New York State In-depth

Will New York Meet Ambitious Energy Storage Goals? Substantial questions remain, says expert company

ALBANY – New York has unveiled an ambitious roadmap to expand its energy storage capacity by the end of the decade, following a trend of nation-leading clean energy efforts.

The plan, which is open to state regulators for scrutiny and public comment, envisions reaching 6 gigawatts of capacity by 2030 to ensure grid security during periods of peak demand while New York focuses on broader renewable energy adoption heading for .

However, the scramble for vital materials needed to create battery storage, build infrastructure, and encourage uptake are complex challenges that could serve as potential obstacles standing in the way of achieving the state’s lofty goals, many say.

“The state’s energy goals are generally ambitious, and I would say they are difficult to achieve,” said Eric Hittinger, associate professor in the department of public policy at the Rochester Institute of Technology. “I think it’s good to have ambition and it’s good to see the state putting in place policies to really accelerate this technology. But I think the biggest challenge is building capacity to make all these things.”

Battery storage is considered the “Swiss army knife” of the power grid because of its ability to perform tasks such as absorbing short-term impulses of increased energy consumption on hot summer days and pumping energy to areas in need when transmission lines are saturated.

New York’s zero-emissions grid mandate by 2040 is expected to require increased energy storage, and the latest plan would dramatically boost the state’s energy storage of about 130 milliwatts. Excess solar and wind energy, which is expected to increase in the coming years, are among the sources that can be stored in the batteries.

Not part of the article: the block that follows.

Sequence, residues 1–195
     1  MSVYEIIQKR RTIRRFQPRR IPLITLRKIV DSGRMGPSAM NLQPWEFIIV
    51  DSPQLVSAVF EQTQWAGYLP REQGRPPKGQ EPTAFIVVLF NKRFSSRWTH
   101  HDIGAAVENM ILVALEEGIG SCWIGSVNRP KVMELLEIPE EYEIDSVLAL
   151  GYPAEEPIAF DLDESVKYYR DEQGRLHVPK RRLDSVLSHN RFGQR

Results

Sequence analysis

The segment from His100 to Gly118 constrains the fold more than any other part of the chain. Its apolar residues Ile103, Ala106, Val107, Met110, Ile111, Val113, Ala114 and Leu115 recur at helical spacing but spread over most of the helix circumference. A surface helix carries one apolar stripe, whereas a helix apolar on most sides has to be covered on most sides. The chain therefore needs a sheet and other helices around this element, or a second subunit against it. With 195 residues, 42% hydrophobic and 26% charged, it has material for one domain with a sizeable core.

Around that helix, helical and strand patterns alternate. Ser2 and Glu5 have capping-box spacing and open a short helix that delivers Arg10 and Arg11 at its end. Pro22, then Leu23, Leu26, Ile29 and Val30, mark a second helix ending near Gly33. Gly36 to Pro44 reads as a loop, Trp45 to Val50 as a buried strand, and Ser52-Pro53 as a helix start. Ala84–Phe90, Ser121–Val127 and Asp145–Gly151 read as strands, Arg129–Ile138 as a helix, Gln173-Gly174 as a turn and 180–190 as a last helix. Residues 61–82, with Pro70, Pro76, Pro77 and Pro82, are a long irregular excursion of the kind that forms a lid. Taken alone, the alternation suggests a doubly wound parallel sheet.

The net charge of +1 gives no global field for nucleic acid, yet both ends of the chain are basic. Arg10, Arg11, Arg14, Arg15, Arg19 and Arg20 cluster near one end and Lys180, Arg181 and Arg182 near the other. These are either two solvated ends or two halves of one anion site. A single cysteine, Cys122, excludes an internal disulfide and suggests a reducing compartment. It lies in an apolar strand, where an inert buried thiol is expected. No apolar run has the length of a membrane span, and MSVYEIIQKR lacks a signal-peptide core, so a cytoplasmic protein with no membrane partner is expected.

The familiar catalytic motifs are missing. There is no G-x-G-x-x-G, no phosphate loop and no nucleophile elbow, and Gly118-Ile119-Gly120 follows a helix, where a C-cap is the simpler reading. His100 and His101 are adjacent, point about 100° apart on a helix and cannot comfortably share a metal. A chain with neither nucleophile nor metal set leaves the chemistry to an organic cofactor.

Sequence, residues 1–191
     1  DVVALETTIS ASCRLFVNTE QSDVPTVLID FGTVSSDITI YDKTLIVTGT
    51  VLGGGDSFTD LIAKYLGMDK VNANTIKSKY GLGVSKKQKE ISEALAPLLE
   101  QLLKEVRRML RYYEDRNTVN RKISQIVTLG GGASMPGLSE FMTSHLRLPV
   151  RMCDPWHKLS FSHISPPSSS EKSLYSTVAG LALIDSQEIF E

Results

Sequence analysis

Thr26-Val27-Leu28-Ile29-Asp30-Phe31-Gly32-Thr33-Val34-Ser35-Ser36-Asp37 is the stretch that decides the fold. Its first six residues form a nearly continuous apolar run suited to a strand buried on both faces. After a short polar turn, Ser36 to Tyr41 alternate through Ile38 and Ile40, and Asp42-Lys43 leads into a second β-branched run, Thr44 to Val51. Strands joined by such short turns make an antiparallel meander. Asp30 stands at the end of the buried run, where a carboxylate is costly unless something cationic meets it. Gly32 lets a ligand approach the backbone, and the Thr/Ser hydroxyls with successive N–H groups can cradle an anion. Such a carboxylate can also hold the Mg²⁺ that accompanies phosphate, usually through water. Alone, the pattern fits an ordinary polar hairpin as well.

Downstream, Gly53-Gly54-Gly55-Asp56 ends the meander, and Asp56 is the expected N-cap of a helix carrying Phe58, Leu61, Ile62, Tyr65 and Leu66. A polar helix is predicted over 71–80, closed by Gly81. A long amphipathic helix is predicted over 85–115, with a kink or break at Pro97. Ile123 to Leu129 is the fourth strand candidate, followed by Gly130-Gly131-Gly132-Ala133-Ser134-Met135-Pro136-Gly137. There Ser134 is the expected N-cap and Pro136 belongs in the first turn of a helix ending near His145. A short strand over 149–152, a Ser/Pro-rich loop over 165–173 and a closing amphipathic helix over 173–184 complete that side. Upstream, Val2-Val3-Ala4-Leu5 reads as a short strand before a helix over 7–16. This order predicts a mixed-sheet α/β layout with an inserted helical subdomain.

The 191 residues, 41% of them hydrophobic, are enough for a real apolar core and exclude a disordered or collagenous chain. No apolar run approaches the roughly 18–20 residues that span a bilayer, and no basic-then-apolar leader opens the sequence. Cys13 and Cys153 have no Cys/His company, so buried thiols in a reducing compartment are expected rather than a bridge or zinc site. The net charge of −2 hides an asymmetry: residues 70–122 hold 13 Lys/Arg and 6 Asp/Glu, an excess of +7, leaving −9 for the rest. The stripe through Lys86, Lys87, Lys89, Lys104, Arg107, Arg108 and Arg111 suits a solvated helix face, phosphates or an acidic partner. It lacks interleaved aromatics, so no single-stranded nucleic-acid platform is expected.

The roadmap includes programs led by the New York State Energy Research and Development Authority that would procure an additional 4.7 GW of new storage projects in the utility, retail and residential sectors, joining the 1.3 GW of existing storage currently under contract stand to be completed.

“Storing clean, renewable energy and delivering it where and when it’s needed is one of the key challenges we must address to reduce emissions nationwide, particularly from traditional peaker fossil fuel plants,” Governor Kathleen said C. Hochul. “This roadmap will serve as a model for other states to maximize renewable energy use while enabling reliable and resilient power grid transformation.”

One of the biggest challenges for the state is managing the tight lithium-ion battery market.

Electric vehicles currently consume the bulk of this valuable resource, and significant supply chain constraints mean that meeting increasing demand will be a difficult test for communities.

And with demand in the electric vehicle market unlikely to abate, the need for stationary storage for the power grid could make securing raw materials a chore.

“The whole world is trying to find ways to rapidly scale up lithium-ion battery production,” Hittinger said. “As stationary storage ramps up, it has to compete with other states and countries trying to build stationary storage, but more importantly, it has to compete with the fast-growing electric vehicle market to buy those batteries.”